As we continue our look at songs with the word ‘summer’ or ‘summer time’ in the title, let’s explore some timeless classics.
In 1958, nineteen year-old Eddie Cochran recorded a song that he and his manager Jerry Capehart penned about the trials and tribulations of teenage life in America. Initially recorded as a B side, the cut “Summertime Blues” peaked at #8 on the Billboard Hot 100 on September 29, 1958.
Capehart explained the inspiration for this song in Rolling Stone magazine’s Top 500 songs issue: “There had been a lot of songs about summer, but none about the hardships of summer.” So with that idea and a seminal guitar lick from Cochran, the two were able to write the song in 45 minutes. This was supposed to be the B-side of the ballad “Love Again,” a song that was written by 17-year-old Sharon Sheeley, who eventually became Cochran’s girlfriend. She was also in the car crash that led to his untimely death in April of 1960.
The handclapping was performed by Sharon Sheeley, who apparently had trouble getting the rhythm, so Cochran helped her out by showing her how to clap. The deep vocals at the end of each verse were done by Cochran. Part of the lyrics addressed the controversy surrounding the voting age, which at the time was 21, and the song became very popular among his teenage fans who could relate to the lyrics about being held back by society (and parents).
Sadly, while on tour in the UK, 21-year-old Cochran died in a traffic accident in a taxi which crashed into a lamp post. Songwriter Sharon Sheeley (she and Cochran were reported as being “unofficially engaged”) and singer Gene Vincent survived the crash, Vincent sustaining such severe injuries that would shorten his career and affect him for the rest of his life. Following the accident Sheeley returned to the United States, where she collaborated with musician/songwriter, Jackie DeShannon on a string of hits. She died on May 17, 2002 at the age of 62.
The song helped define Cochran’s career, but there is much more to the story. His influence on music is very profound and sometimes understated. Eddie was largely credited for introducing rock ‘n’ roll to the Beatles. In fact, George Harrison and John Lennon were both motivated and moved after attending Eddie’s concerts in England before the Beatles formed. Cochran was a prolific performer and unfortunately more of his music has been released posthumously than had been released during his life. His pioneering contribution to the genre of rockabilly has been recognized by the Rockabilly Hall of Fame.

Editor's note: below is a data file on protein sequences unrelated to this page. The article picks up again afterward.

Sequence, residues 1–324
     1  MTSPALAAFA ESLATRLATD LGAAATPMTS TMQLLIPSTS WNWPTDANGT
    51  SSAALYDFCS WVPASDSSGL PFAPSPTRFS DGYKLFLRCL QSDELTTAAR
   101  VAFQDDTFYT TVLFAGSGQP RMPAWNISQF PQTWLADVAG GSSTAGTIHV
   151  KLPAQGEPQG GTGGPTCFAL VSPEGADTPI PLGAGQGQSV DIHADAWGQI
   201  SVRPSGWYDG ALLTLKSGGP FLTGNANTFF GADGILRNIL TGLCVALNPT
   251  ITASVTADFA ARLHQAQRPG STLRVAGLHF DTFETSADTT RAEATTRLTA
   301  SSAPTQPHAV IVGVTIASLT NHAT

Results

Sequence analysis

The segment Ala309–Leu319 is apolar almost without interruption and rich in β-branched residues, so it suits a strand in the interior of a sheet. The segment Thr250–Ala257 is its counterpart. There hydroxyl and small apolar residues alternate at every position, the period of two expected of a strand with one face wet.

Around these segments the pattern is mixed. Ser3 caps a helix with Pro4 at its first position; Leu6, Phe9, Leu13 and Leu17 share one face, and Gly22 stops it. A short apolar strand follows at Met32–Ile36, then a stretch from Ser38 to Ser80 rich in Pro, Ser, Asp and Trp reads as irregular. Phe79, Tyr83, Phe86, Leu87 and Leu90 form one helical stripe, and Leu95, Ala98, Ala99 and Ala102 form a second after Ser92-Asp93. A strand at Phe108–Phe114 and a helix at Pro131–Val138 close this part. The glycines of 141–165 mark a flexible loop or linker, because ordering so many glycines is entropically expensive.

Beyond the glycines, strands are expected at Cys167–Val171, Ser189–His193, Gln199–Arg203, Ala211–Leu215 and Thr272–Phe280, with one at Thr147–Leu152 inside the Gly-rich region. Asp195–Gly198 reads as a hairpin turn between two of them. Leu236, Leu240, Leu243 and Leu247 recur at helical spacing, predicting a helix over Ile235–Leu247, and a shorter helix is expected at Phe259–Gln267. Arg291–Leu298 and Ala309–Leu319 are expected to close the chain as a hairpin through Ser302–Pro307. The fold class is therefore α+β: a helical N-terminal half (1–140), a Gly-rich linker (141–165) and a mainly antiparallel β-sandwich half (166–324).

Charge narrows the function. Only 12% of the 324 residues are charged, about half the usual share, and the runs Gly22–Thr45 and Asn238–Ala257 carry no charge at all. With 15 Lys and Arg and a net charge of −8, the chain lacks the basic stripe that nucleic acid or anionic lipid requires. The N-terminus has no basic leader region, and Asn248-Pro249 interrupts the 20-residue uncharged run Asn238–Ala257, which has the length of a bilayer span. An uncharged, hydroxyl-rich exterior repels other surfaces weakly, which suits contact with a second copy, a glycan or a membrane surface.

Countless other musicians loved the cut and the song has been covered by an array of superstar musicians, including Buddy Holly, who tore through the song on his tour of England in 1958. Some say that early rock and roll in the UK was influenced more by Holly and Cochran than the music of Elvis Presley, who never set foot on UK ground.
Let’s look at others who have covered this groundbreaking single. In 1968, the band Blue Cheer covered the song for their LP Vincebus Eruptum. Their version omits all of the response lyrics heard in Cochran’s version in favor of instrumental responses by each member of the band and the cut peaked at #14 on the Billboard Top 40 and spent an impressive 13 weeks on the charts. A follow-up single barely topped the Top 100, making Blue Cheer’s version their only true American hit single. However, their version was featured as one of the first heavy metal recordings in the 2005 documentary Metal: A Headbanger’s Journey.
“Summertime Blues” was also recorded by the Who, although their version was done in a more aggressive (and louder) style than the original. They peaked at #27 on the Billboard charts in 1970 and the cut was a staple in concerts from 1967-1976, however they have not played the song since the death of John Entwistle. Their version of the song featured John Entwistle singing the vocal parts of the boss, the father, and the congressman in his trademark baritone growl, in addition to playing the bass guitar and doubling Roger Daltrey’s lead vocal on the verses in his normal register.
Others who have covered this iconic song include Country star Alan Jackson, who recorded it on his 1994 album “Who I Am.” Alan Jackson’s version reached #1 on the US Billboard Hot Country Singles & Tracks chart. When Canadian-rockers Rush perform the song in concert, the crowd sings the lines “No dice son, you gotta work late,” “You can’t use the car ’cause you didn’t work a lick,” and “I’d like to help you son, but you’re too young to vote.” Other acts who have recorded a cover version include the Beach Boys, Bruce Springsteen, Joan Jett & The Blackhearts, Bobby Fuller, Clash, George Thorogood, Guess Who, Ventures, Black Keys, Rolling Stones, Tom Petty, Van Halen, Humble Pie, T. Rex, White Stripes; why even soft-pop songstress Olivia Newton-John, just to name a few. Jimi Hendrix used to perform “Summertime Blues” early in his career as well.